The bulk of the savings – some £8.8bn – would come from paying workers living in cheaper areas of the country less than counterparts in places like London and the South East where the cost of living is higher.
Ms Truss’s campaign team did not confirm whether this would include UK Government jobs situated in Scotland when asked by The Scotsman.
Last year the UK Government announced plans to move hundreds of civil servants to Glasgow with plans to open a second Cabinet Office headquarters.
At least 500 officials from the renamed Department for Levelling Up will be relocated by 2024, with senior staff and ministers all now preparing to spend “some time” in Scotland.
The goal was to have Whitehall departments work more closely with Scottish business, with the Cabinet Office stressing the need for decision makers to be “close the people they serve”.
It formed part of the Prime Minister’s plans to “level up” across Britain, as well as show support for the Union.
Ms Truss’s proposals have been met with a furious response from a major civil service union, which vowed to oppose her plans “every step of the way”.
The foreign secretary said: “As prime minister I will run a leaner, more efficient, more focused Whitehall that prioritises the things that really matter to people and is laser-focused on frontline services.
“There is too much bureaucracy and stale group-think in Whitehall. If I make it into Downing Street, I will put an end to that and run a Government that focuses relentlessly on delivering for the British public, and offer value to hard-working taxpayers.
“I have shown in my time in Government that I’m prepared to take on the Whitehall orthodoxy and get things done.
“The British people can trust me to deliver on my promises and tackle the cost of living immediately.”
The Truss campaign argued that because Civil Service pay is negotiated at a national level, no account is taken of the regional cost of living.
By introducing regional boards, civil servants’ pay can be adjusted in line with the actual areas where they work, saving the taxpayer billions, but also ensuring private employers are not “crowded out” by higher public sector wages.
The savings could be enhanced by moving more civil servants out of London.
Around £2bn would be saved by bringing the average Civil Service leave entitlement down from 27 days to the 25 found in the manufacturing and private services sectors.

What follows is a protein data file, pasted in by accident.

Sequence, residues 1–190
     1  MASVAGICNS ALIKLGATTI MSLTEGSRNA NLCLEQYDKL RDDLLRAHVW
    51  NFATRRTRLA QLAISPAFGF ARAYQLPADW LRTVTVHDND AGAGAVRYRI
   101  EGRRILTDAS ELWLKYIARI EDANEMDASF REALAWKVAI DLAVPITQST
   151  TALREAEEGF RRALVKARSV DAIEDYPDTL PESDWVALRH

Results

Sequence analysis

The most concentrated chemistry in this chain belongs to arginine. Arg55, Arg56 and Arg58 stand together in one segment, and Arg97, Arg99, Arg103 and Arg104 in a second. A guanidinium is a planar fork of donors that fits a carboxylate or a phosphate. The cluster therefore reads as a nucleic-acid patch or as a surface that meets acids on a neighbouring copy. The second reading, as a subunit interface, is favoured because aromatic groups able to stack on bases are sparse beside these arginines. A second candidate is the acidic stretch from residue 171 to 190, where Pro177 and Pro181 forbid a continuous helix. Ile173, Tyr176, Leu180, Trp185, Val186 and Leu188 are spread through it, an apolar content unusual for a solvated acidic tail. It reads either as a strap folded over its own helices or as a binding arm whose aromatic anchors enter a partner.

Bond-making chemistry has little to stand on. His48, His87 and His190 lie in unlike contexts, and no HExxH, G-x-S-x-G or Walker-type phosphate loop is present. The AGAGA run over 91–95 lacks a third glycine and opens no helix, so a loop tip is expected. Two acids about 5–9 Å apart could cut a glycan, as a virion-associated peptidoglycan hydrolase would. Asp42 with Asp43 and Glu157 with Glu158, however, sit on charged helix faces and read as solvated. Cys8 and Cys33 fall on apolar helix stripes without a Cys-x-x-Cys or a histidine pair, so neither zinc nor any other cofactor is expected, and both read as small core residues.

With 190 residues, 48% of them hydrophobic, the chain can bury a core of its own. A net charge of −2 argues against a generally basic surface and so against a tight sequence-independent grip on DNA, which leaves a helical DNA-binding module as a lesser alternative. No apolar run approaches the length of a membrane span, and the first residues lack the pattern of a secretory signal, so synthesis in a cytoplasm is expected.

Scrapping Whitehall diversity officers would save around £12 million a year. Ms Truss’s campaign said there are at least 326 of the roles in Government departments.
Facility time, under which trade union representatives receive paid time off to focus on union work, would be banned – as would allowing the use of grants, offices and equipment – saving up to £137m, the Truss campaign said.
The package of measures set out by Ms Truss are likely to meet fierce resistance from Civil Service unions if she tries to implement them from No 10.
A campaign source said: “Liz is a low-tax, small state Conservative with a distrust of big government. She will shake up Whitehall and take the radical steps required to tackle the waste and inefficiencies that lie at the heart of government.
“She will make sure every single official knows their job about delivering the pledges made in the 2019 manifesto and the things that the public care about.”
Mark Serwotka, general secretary of the PCS union, said: “If Liz Truss is elected, and if she tries to go ahead with these proposals, she’ll face opposition every step of the way.
“Civil servants are not a political tool to be used and abused for one person’s ambition. They are the hard-working people who keep the country running, day in day out, and they deserve respect.”
Deputy Labour leader Angela Rayner condemned Ms Truss’s plans, saying: “This wannabe prime minister is stuck in the past, fighting old battles, and promising a race to the bottom on public sector workers’ pay and rights.
“Her ‘tailored’ pay plans would level down the pay of northerners, worsening the divide which already exists. This out-of-touch Government’s commitment to levelling up is dead.”
The policy commitment from Ms Truss comes as her leadership rival Rishi Sunak insisted he was “radical, but realistic” as he set out plans to slash income tax.
Mr Sunak is under pressure to make inroads into the lead opinion polls suggest Ms Truss enjoys among the Tory members who will decide the next prime minister as postal ballots begin dropping on Conservative doormats.
The former chancellor, who has strongly criticised his rival for promising “morally wrong” tax and spending plans which would increase borrowing, dismissed suggestions his own plan to cut income tax was motivated by the need to gain ground in the election.
Mr Sunak has committed to taking 4p off income tax within seven years if he becomes prime minister, in a last-ditch attempt to win over Tory members before they start receiving their ballots this week.
Cutting the basic rate from 20p in the pound to 16p would amount to a 20 per cent tax reduction – the largest cut to income tax in 30 years.